Jeff Nichols made my favorite film of 2013, Mud, so I was keen to see his latest effort. Midnight Special is not an easy film to describe, but it held me in its thrall from start to finish. It also serves as a wonderful starring showcase for Michael Shannon, who has been in all of Nichols’ previous pictures (Shotgun Stories, Take Shelter, and Mud) and reveals a tender side he’s seldom had a chance to explore until now.
The movie is best described as a science-fiction thriller. At its center is an 8-year-old boy (beautifully played by Jaeden Lieberher) who has special powers that mark him as a target. Some want to exploit him, others think he is a messenger of God. His father (Shannon) doesn’t understand what his son is all about but he has faith in the boy and is determined to protect him. He and a childhood buddy (Joel Edgerton) take off with the youngster, hoping they can reach their destination before someone—the police, the government, a religious sect—can lay their hands on him.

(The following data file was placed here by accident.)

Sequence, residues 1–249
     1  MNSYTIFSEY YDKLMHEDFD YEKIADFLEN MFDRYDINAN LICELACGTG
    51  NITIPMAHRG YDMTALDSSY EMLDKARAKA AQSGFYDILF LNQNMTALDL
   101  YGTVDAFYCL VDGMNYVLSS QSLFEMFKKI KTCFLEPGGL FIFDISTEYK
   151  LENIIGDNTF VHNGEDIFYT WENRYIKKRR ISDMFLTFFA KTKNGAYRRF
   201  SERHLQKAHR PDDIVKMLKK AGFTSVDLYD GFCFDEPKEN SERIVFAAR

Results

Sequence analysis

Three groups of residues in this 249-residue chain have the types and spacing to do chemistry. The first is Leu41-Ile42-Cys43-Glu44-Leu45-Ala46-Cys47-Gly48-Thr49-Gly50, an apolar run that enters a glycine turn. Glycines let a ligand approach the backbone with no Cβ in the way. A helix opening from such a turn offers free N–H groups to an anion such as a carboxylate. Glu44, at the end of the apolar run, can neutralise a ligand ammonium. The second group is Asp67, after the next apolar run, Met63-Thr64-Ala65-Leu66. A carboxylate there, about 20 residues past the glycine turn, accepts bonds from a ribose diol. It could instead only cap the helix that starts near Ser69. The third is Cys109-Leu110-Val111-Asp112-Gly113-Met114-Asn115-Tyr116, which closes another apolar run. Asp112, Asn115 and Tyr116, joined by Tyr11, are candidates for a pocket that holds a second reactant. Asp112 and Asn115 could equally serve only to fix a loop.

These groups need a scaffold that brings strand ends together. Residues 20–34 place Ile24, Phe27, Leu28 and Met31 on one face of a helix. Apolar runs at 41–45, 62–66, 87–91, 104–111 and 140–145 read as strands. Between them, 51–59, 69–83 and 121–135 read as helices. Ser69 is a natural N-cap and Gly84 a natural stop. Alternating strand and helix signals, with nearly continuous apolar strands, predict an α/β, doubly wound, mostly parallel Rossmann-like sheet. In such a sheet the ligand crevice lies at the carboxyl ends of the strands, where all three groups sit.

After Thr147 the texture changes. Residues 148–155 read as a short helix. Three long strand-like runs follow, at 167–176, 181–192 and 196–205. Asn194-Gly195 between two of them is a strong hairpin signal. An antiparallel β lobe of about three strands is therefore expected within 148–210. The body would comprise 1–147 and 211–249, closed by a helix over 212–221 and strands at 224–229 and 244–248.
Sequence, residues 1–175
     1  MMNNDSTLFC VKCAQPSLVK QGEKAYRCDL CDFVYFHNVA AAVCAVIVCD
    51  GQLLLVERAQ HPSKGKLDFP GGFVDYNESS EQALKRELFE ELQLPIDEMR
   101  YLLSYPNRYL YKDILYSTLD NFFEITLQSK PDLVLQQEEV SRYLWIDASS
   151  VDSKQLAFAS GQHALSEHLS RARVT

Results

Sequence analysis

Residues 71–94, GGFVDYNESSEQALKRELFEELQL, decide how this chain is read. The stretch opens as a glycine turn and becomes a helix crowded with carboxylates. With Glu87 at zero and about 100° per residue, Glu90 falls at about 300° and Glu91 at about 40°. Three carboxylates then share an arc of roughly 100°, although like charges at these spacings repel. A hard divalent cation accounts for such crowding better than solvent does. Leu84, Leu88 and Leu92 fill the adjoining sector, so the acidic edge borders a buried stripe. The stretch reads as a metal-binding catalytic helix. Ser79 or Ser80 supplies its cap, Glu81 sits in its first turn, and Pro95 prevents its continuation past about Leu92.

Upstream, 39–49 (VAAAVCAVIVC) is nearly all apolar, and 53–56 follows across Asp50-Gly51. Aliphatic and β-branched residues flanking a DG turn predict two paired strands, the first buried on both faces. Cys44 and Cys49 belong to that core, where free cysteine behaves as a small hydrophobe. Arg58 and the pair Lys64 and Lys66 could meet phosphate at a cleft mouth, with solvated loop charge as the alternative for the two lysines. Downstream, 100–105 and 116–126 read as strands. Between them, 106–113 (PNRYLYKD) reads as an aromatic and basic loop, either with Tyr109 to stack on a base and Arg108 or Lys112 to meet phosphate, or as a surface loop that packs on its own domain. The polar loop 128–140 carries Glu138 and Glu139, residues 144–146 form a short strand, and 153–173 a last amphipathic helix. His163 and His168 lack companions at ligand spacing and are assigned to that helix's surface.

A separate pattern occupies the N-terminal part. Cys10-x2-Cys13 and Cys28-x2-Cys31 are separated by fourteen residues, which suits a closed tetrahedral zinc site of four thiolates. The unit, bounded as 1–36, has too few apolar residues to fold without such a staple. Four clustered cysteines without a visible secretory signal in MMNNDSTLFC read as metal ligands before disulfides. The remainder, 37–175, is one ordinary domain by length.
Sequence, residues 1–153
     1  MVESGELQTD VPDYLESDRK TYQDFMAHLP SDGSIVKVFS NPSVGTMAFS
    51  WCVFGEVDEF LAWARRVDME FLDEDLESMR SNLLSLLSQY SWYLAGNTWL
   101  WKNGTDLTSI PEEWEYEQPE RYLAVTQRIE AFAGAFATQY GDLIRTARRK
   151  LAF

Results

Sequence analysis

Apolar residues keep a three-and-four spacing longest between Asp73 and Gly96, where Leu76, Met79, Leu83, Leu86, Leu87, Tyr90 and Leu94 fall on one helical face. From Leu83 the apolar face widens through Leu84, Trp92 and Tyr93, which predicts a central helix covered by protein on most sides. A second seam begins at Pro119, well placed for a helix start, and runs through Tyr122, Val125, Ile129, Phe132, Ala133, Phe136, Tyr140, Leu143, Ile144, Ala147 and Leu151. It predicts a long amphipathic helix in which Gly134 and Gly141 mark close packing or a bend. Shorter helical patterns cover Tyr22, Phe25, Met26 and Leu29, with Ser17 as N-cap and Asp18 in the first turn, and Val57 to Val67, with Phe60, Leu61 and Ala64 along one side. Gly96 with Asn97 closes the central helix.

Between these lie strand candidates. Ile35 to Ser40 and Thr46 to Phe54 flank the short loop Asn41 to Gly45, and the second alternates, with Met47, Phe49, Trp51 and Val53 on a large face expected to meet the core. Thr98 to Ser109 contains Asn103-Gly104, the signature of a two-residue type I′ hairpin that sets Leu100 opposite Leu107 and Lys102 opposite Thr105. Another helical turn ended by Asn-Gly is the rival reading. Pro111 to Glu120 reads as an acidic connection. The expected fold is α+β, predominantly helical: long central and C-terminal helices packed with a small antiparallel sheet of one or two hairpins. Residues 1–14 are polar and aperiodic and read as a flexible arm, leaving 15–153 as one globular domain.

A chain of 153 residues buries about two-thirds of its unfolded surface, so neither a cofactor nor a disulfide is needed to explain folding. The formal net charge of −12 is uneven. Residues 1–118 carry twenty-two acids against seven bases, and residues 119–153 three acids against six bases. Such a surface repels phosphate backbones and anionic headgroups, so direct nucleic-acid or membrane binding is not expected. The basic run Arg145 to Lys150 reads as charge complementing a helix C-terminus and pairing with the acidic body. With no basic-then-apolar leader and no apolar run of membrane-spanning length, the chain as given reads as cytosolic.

Midnight Special works because Nichols casts a spell over us, the kind that’s all too rare, especially in the science-fiction genre. Yet this is far from typical sci-fi. In the press notes, Nichols explains, “I wanted to make a chase movie, a movie about guys moving on back roads through the American South in a fast car, driving at night with their lights off. They’re on the run, they’re being hunted and, at the same time, they’re racing towards something important, though we don’t immediately know what it is.”
If you’ve seen Take Shelter, you know that this is not the first time writer-director Nichols has dealt with paranormal activity in the lives of ordinary people. It’s because the characters are relatable that we’re able to become absorbed in the labyrinthine mystery that envelops and often confounds them.
The superior supporting cast includes Adam Driver as an inquisitive NSA agent who doesn’t follow the rulebook, Kirsten Dunst as Lieberher’s estranged mother, and Sam Shepard as a religious cult leader who feels he has a claim on the boy.
I was so invested in this movie that I questioned some of its story turns and internal logic as the film unfolded—I so wanted to accept every detail—but in the end, I surrendered to Nichols’ mastery as a storyteller. I could nitpick if I chose to, but I won’t, because I derived so much satisfaction from the experience of watching Midnight Special. Like its filmmaker, it is one of a kind.